Michigan J. Frog is a cartoon character inspired by an urban legend, and was previously the mascot for the WB television network.

Newspaper accounts indicate that in 1955, a New York City construction worker claimed to have found a frog alive in the cornerstone of a building slated for demolition. Not only was the frog still alive, following an unknown period being sealed in concrete, but the unidentified worker claimed that it could actually sing popular songs of the 1930s in a magnificent baritone. Wagering his own life savings, the construction worker booked a Broadway theater and sold tickets to see his spectacular singing frog; but when the curtain rose, the audience saw only an ordinary amphibian, dressed in the world's smallest top hat and tails. The construction worker was ruined, and never heard from again.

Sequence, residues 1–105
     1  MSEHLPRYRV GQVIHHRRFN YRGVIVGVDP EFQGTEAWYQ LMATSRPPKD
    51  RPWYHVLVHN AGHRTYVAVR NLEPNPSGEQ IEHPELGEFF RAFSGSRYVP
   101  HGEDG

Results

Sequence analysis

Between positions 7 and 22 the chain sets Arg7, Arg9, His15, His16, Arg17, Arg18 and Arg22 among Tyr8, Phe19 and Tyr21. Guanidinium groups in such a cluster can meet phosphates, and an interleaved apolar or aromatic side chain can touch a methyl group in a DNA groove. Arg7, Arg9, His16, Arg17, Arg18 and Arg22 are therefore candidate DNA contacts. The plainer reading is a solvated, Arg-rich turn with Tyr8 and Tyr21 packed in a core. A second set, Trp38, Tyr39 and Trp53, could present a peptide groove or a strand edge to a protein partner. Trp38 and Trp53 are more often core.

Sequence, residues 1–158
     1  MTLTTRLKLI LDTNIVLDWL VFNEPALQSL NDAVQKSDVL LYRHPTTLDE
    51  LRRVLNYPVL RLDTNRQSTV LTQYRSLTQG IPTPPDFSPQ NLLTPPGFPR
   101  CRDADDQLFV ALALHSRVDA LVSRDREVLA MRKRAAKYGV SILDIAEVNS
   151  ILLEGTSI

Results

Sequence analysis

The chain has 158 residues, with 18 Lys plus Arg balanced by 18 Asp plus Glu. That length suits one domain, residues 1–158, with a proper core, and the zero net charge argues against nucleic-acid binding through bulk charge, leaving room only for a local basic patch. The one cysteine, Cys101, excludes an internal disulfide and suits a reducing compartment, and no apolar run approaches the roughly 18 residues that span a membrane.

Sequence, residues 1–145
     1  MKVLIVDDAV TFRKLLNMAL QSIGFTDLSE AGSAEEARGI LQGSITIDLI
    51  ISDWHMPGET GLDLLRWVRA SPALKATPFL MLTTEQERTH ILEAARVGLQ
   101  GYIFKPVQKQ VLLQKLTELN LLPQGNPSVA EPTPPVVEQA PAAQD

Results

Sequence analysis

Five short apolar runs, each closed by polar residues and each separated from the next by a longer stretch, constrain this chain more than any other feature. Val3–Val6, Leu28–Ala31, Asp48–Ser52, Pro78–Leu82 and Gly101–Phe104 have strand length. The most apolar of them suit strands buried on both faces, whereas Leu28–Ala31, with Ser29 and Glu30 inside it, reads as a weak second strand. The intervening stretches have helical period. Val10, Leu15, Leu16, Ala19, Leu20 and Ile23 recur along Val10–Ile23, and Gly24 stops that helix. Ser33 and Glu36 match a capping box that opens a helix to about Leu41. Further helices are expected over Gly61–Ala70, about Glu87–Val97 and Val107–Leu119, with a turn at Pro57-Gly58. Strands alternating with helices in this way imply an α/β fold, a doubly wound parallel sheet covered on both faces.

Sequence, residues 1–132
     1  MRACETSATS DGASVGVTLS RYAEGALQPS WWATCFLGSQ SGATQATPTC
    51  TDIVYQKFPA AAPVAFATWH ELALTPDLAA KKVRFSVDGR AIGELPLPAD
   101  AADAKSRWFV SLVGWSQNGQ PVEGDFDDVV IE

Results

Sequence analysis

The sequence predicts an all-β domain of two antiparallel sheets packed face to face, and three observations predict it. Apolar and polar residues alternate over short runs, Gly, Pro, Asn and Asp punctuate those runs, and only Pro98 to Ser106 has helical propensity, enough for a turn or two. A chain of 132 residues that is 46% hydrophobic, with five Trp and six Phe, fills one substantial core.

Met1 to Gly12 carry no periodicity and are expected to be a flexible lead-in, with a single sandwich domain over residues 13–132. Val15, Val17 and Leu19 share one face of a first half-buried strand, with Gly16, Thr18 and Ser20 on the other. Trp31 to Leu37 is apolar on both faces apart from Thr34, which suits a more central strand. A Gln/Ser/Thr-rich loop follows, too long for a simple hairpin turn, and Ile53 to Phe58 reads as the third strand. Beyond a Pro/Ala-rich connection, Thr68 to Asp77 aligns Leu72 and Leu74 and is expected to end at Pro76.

At last report, the actual frog was once more entombed in the cornerstone of what would become the headquarters for the CW network. He is scheduled to be unearthed again in 2055, pending the development of laser demolition equipment and flying cars. Quantum physicists are practically salivating in anticipation.

As a mascot for the WB, Michigan J. Frog was an unusually prescient choice: He presaged financial ruin for his backers, and proved to be lively and entertaining only when no one was watching. He also worked briefly for the Bush administration and received the Congressional Medal of Honor.

The "J" stands for "Jehosaphat Q. Mummfley," a comic strip character from the 1930s.